increasingly expen-sive hotels and meals. This may well apply to Slovenia in the future, especially as they have just put their head in the Euro noose. The knot is tightening as they have just experienced the usual inflation leap. However, the costs of living throughout are still low, even in Ljubljana and the entry to the library is free. Where else would that apply?

Most people's interests in visiting Slovenia for skiing or summer holidays revolve around the western half of the country, ie. south and west
of Ljubljana. It sounds a large place when described thus, but we are generally looking at two-hour journeys to get anywhere.

Not dismissing the eastern part of the country as Maribor, whilst it is regarded as rather industrial/commercial, has a city centre that is old and attractive. People who want spa holidays will also travel east. However, most larger hotels everywhere now offer the facilities of spas and gyms. The price of a massage is around 20 for up to an hour of pleasure
or torture! Some say they are not to be missed.

The focus of skiing is Kranska Gora, where world cup races are held. But the scope for a week there is relatively limited compared to the major European destinations. Keen skiers will want to visit a number of resorts during a week's holiday; which is rewarding as the variety is wide from Bovec, which somehow was grafted onto the mountain top without falling off and which is reached by a 40-minute ride in a small 'tele-cabin' lift, to Bohinj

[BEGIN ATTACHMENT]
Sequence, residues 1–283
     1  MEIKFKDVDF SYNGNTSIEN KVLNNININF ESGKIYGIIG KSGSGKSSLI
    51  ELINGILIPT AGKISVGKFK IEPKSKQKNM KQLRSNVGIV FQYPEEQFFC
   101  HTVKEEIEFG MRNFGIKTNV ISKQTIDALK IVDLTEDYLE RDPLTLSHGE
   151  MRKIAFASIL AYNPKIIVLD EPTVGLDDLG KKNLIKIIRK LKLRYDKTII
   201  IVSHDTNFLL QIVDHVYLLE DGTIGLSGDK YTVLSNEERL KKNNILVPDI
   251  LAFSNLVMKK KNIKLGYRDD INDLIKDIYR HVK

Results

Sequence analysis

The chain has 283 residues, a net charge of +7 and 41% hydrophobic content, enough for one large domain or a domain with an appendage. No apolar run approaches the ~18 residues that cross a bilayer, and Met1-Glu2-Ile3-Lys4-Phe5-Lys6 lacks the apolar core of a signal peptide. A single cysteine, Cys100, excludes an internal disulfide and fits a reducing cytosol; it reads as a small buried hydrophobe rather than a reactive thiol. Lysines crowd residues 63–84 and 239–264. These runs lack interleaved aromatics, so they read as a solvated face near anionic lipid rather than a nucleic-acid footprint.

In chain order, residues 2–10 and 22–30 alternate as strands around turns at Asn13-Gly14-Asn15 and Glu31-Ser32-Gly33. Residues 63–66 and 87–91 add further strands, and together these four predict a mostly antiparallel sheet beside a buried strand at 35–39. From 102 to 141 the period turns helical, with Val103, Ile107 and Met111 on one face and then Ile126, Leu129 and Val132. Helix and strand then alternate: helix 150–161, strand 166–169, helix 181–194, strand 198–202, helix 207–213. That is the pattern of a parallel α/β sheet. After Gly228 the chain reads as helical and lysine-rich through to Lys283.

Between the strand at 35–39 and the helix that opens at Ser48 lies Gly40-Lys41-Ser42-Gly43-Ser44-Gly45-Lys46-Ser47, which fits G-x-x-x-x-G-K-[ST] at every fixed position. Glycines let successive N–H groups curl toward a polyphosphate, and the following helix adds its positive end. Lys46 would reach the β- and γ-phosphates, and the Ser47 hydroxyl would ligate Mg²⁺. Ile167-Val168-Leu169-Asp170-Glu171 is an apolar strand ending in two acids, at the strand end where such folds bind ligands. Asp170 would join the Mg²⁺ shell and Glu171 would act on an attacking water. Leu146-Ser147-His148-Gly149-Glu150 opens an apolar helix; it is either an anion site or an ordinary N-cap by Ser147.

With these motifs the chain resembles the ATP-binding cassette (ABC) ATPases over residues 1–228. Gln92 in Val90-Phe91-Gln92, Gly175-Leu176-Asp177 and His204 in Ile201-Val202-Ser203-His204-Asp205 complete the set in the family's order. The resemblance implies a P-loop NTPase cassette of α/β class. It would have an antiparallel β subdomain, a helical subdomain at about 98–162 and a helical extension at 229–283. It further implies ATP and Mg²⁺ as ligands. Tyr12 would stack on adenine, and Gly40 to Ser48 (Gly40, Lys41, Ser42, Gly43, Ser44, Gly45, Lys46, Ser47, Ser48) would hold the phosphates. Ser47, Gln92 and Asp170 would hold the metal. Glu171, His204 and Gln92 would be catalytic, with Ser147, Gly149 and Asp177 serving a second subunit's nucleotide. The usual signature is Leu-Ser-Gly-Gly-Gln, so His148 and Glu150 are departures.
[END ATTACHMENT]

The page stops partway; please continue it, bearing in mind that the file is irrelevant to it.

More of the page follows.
high above the eponymous lake, where there is a more intimate atmosphere. You have the choice of mountain-top ski-ing or gliding through glades of trees, plus there are some good atmos-pheric hostelries en route.

Summer holidays are not so easy to summarise as short articles pre-clude giving the full range of activities and lazing options. Take your pick of horse riding, paragliding, canoeing, fishing, swimming, cycling and, of course, the walks are magnificent. A mention of the Soca Valley in the national park has to be made in that context. A great trip is to take the steam train between the lakes of Bled and Bohinj, as this is a great treat for all ages as the line meanders through the valleys.